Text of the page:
The hero refuses the call, because the hero is afraid of leaving his comfort zone. But the problem or the adventure is to big and important. There is a direct threat to the ordinary world that makes it impossible for your hero to refuse the call...
4. Meeting The Mentor
The hero meets a mentor. An important guide that will offer advice, guidance and training... The Hero now feels confident and strong to go on the adventure and to solve the problem.
5. Crossing The Threshold
The adventure begins! The adventure may be a long physical journey, a spiritual or emotional quest. The hero has now crossed the path from home to a new journey into the unknown.
6. Tests, Allies, Enemies
Every journey has challenges throughout the path. It can be enemies that want to stop the hero from reaching his goal, it can be obstacles, challenges, holes that the hero may almost fall into... The hero’s skills are being tested along the way. There are challenges to be confronted and perhaps not everyone can be trusted along the way... The hero earns allies and meets his enemies, that are all preparing the hero for the greatest ordeal to come. With every challenge the hero changes and becomes stronger. Just like you and me when we have a problem in our lives. We solve it or we learn from the experience. We know who are our the friends we can trust and the ones we can’t. We discover are strengths and our weaknesses, thus we discover ourselves.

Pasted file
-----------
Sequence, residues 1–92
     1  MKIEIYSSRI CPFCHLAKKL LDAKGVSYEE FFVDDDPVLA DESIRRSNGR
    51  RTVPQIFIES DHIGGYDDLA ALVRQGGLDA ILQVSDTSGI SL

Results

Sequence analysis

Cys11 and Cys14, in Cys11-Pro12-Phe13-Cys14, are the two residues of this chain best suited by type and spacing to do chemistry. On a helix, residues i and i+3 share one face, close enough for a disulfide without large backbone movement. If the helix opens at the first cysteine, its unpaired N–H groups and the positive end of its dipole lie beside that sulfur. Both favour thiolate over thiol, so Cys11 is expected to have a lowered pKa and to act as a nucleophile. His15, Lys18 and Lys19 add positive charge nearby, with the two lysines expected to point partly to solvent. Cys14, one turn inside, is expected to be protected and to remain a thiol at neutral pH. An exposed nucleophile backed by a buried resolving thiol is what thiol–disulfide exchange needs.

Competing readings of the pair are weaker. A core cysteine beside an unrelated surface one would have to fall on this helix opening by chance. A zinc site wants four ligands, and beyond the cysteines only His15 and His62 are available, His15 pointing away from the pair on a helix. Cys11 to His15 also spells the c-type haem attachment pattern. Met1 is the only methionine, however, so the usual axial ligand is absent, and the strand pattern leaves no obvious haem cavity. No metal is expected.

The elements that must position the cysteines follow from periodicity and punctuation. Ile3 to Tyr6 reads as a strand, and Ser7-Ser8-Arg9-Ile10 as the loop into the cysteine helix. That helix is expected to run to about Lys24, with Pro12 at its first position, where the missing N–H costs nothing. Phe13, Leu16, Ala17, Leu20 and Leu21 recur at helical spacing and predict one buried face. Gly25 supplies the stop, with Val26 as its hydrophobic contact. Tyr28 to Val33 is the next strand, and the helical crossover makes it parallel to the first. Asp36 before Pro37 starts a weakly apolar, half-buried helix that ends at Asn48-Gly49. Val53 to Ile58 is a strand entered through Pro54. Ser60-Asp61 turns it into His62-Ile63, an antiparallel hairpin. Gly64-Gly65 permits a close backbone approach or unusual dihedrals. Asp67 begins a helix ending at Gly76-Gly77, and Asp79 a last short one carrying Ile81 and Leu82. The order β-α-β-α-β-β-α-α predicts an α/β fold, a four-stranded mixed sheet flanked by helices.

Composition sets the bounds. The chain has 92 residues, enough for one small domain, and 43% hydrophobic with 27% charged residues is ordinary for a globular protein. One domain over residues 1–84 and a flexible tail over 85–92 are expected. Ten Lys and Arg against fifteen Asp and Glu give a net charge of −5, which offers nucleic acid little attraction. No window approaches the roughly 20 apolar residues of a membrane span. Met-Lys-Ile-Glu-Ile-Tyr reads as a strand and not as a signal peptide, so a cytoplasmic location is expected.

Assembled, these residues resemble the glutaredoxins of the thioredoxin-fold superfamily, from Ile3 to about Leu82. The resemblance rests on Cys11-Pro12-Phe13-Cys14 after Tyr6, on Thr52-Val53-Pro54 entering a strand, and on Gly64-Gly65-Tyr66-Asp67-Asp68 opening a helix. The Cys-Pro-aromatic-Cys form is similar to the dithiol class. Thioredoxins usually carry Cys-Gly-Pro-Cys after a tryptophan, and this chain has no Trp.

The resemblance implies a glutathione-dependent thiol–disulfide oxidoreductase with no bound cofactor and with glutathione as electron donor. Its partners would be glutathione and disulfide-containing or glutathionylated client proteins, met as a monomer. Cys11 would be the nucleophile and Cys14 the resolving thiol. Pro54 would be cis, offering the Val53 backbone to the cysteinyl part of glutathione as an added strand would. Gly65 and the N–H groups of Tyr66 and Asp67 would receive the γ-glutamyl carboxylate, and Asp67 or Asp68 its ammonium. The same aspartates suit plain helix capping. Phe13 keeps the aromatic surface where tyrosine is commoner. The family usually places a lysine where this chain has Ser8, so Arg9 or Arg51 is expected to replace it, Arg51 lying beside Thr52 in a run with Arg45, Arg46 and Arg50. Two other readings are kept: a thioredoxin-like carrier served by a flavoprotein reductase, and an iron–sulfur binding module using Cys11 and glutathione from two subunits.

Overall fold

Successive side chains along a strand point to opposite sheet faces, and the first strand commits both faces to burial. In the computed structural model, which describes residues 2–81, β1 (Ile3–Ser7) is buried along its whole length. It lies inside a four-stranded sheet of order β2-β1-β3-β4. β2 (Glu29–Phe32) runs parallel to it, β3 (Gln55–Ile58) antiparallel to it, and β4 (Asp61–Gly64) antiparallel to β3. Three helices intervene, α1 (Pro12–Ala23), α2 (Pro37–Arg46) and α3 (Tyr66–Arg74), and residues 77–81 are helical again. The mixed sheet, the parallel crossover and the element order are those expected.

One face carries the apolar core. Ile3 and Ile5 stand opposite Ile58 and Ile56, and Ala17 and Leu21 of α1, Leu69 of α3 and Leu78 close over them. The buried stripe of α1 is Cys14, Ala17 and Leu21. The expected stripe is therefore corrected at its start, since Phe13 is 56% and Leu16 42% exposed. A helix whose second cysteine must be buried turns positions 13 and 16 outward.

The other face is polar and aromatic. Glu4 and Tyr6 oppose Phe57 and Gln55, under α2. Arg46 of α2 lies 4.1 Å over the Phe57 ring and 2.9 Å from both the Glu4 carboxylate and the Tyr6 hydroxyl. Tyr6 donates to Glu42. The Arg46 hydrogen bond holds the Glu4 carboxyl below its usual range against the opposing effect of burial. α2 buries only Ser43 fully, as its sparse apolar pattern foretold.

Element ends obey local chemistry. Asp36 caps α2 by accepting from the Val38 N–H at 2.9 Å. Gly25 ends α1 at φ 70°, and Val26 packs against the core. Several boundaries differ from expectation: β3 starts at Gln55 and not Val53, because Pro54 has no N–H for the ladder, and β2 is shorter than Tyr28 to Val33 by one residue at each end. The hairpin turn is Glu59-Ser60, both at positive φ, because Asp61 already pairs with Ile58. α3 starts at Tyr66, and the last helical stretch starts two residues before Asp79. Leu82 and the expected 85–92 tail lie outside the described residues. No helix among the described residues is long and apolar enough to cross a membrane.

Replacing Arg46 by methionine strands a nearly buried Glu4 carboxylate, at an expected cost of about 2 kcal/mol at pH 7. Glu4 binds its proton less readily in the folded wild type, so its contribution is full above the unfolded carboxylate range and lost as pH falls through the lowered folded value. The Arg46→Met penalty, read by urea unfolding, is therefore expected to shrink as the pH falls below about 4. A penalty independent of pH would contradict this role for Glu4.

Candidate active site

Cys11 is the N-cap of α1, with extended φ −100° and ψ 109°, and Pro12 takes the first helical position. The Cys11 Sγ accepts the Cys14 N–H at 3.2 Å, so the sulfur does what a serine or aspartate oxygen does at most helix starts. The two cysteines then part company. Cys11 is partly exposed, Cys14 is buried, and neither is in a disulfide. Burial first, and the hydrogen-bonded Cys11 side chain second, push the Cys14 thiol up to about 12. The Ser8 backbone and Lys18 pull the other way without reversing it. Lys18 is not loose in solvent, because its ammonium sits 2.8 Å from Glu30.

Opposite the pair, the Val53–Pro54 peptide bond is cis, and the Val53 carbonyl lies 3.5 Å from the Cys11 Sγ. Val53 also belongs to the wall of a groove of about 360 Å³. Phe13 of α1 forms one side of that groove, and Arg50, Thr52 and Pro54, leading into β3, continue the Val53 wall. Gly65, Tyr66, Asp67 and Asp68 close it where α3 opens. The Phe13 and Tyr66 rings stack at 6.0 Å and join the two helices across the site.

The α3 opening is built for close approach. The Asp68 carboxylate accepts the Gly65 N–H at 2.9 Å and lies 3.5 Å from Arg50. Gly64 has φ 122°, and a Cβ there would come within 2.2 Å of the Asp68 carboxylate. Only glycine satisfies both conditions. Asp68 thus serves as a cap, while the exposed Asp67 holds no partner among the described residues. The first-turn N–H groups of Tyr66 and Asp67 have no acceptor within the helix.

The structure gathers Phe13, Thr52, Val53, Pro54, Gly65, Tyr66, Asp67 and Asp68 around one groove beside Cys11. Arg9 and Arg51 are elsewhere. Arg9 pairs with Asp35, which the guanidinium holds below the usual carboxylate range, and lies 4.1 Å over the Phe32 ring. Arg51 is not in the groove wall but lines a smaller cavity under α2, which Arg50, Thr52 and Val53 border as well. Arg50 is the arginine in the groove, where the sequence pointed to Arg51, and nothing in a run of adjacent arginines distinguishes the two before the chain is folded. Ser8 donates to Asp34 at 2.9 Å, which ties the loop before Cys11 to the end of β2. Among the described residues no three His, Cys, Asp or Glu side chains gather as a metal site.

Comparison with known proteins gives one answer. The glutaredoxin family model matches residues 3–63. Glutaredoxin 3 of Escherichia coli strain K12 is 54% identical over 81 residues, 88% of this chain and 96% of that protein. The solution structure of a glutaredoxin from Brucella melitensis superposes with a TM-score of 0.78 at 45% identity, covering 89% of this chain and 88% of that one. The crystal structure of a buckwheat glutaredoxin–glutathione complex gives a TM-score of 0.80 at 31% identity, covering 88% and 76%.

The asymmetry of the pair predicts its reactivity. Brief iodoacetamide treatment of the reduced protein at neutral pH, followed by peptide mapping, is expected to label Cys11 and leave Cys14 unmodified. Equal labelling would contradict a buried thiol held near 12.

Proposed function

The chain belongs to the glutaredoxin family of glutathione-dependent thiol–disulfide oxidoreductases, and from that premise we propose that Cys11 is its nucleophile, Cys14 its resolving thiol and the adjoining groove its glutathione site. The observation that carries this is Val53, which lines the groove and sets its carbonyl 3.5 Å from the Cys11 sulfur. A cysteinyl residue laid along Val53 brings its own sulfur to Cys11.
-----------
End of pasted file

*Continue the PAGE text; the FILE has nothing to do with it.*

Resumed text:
7. Approach To The Inmost Cave
The hero approaches the “cave” where danger, a conflict or an inner conflict is waiting for the hero. As the hero approaches he takes a moment to reflect on the journey, some of the fears from the beginning come back to the hero. The hero is tense. Does the hero has what it takes to defeat this final ordeal? The hero needs to take a deep breath to go on.